Anti-Catholicism is sweeping California. Attacks on Catholic statues, public complaints about Catholics attending Mass, the selective enforcement of executive orders on religious gatherings, and politicians seeking to intimidate priests and bishops are commonplace.
A mob of anti-Catholics celebrated the Fourth of July by destroying a statue of St. Junípero Serra in Sacramento, the state's capital. The statue was set on fire and smashed with sledgehammers. Though Serra did more to defend the rights of Indians in the 18th century against Spanish colonizers than all the protesters have ever done for American Indians today, Serra is a demon. That is why statues of him were previously destroyed in San Francisco and Los Angeles.
What's feeding this frenzy?
Citing COVID-19 concerns, restrictive measures on religious gatherings have been mandated throughout the state. The tone has been set by politicians: There is one rule for people of faith and another for protesters. This has not been lost on the anti-Catholics. Protesters by the thousands, many of them violent, have been allowed to march in big cities across California—without a permit—as public health officials and politicians said nary a word.
According to the New York Times, more than 1,300 epidemiologists and health workers from across the nation recently signed a letter saying that protesters of stay-at-home orders were "rooted in white nationalism and run contrary to respect for black lives." But when it comes to the protesters, they said, "we do not condemn these gatherings as risky for COVID-19 transmission. We support them as vital to the national public health."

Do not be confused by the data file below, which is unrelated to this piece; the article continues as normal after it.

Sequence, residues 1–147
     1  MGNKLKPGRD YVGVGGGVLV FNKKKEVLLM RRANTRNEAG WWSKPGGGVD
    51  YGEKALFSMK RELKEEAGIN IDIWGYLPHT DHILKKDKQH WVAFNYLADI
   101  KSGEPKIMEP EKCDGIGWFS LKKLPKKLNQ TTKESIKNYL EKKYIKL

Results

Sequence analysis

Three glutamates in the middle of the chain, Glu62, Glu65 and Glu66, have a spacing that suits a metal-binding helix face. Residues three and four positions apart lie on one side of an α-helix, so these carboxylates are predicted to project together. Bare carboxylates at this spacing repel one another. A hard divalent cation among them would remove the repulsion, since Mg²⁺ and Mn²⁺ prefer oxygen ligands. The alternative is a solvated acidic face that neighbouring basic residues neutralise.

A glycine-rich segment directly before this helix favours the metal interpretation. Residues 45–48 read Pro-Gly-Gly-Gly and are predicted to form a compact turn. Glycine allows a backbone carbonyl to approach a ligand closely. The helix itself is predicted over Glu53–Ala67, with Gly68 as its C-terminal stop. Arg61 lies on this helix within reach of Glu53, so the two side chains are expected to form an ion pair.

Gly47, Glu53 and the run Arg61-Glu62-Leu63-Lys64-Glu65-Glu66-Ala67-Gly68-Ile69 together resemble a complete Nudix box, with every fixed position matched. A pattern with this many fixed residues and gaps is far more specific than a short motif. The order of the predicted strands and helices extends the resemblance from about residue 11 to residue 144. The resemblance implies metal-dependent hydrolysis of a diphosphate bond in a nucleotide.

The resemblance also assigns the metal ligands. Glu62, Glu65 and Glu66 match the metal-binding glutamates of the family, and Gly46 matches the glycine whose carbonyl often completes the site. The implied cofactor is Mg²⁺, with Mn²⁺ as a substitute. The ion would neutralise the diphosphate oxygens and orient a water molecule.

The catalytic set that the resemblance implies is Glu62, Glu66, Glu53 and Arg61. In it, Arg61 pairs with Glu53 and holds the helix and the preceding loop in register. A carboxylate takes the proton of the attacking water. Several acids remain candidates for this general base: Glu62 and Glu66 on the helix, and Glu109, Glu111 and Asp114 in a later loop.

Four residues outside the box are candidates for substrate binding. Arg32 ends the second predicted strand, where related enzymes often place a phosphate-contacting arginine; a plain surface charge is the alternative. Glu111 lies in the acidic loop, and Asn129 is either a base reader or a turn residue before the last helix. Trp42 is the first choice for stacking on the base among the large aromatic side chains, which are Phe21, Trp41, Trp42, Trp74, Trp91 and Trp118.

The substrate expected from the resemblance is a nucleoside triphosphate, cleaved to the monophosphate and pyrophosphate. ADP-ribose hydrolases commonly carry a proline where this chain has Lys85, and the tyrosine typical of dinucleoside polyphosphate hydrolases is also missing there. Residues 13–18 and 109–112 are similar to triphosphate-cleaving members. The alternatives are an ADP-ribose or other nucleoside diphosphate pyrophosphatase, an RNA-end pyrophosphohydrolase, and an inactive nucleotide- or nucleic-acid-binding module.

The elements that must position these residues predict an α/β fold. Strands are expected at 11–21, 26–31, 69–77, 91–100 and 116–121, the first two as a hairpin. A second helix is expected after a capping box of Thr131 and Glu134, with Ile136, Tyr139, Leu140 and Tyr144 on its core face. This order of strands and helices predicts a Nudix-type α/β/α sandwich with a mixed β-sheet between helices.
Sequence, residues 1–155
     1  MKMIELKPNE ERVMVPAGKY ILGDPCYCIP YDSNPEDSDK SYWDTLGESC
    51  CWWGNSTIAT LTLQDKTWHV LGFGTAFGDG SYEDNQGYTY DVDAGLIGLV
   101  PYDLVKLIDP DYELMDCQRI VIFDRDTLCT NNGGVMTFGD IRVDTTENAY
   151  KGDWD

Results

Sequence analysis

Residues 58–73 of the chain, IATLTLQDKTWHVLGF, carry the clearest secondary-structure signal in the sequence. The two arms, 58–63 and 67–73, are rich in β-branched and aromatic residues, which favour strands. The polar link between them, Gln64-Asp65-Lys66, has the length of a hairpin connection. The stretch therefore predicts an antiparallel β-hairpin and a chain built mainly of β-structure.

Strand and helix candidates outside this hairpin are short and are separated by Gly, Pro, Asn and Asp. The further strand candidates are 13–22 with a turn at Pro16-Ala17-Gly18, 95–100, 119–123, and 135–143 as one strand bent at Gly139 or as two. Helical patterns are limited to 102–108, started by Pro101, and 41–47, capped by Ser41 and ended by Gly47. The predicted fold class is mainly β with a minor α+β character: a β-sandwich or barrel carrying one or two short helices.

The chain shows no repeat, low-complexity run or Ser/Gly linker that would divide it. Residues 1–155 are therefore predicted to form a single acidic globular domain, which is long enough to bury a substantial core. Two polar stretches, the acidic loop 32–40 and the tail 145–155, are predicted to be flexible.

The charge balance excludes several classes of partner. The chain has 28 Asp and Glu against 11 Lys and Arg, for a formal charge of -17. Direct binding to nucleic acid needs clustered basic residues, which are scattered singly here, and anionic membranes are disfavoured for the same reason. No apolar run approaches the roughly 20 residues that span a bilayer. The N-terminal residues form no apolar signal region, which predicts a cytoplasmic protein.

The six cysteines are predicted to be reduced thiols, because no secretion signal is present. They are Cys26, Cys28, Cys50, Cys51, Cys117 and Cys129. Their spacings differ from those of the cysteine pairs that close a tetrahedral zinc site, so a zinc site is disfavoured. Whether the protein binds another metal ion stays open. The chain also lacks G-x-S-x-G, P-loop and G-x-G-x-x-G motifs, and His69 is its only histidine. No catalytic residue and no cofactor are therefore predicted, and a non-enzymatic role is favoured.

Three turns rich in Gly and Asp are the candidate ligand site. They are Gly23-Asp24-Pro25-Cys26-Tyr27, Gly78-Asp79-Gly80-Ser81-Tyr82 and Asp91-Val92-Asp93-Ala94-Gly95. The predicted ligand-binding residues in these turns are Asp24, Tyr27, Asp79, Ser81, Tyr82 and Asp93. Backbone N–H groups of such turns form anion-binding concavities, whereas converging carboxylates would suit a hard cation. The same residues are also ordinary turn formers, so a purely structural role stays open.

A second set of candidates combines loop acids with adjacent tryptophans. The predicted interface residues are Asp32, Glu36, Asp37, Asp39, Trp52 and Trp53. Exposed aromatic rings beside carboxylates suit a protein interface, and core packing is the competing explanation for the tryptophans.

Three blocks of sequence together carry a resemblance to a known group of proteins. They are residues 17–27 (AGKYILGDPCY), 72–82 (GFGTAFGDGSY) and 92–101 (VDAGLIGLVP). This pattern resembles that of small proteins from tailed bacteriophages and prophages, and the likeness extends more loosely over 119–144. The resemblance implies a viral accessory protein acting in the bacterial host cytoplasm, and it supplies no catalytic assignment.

The mayor of Sacramento, Darrell Steinberg, shares the same position.
He said in late May that he supported the Sacramento City Council's refusal to impose a curfew after two nights of violence and looting. He contended that it would be useless to do so because "those who are perpetrating looting and violence would probably ignore the curfew anyway." But in early April, he said it may be permissible to have the police disperse church-goers if they assembled in prayer.
Meanwhile, public officials in San Francisco are now doing a headcount of Catholics attending Mass. The San Francisco city attorney, Dennis Herrera, says he has received complaints that more than 12 Catholics have been seen at a Mass. He sent a cease-and-desist letter to the Archdiocese of San Francisco, ordering it to stop indoor religious services.
Herrera did not say whether he has done a headcount of Protestants going to church, Jews going to synagogues, or Muslims going to mosques. But we do know that his office is fielding complaints from the public that one Catholic church actually held six Masses in one day! Why Herrera did not send in a SWAT team remains a puzzle.
We know who is contacting Herrera's office, and we know they are not public health fanatics. Moreover, we wouldn't be surprised to learn that some of them were among the 1,300 doctors and health care workers who signed the letter giving the protesters a pass while condemning everyone else who refused to abide by their highly politicized directives.
Bill Donohue is president and CEO of the Catholic League for Religious and Civil Rights, the nation's largest Catholic civil rights organization. He was awarded his Ph.D. in sociology from New York University and is the author of eight books and many articles.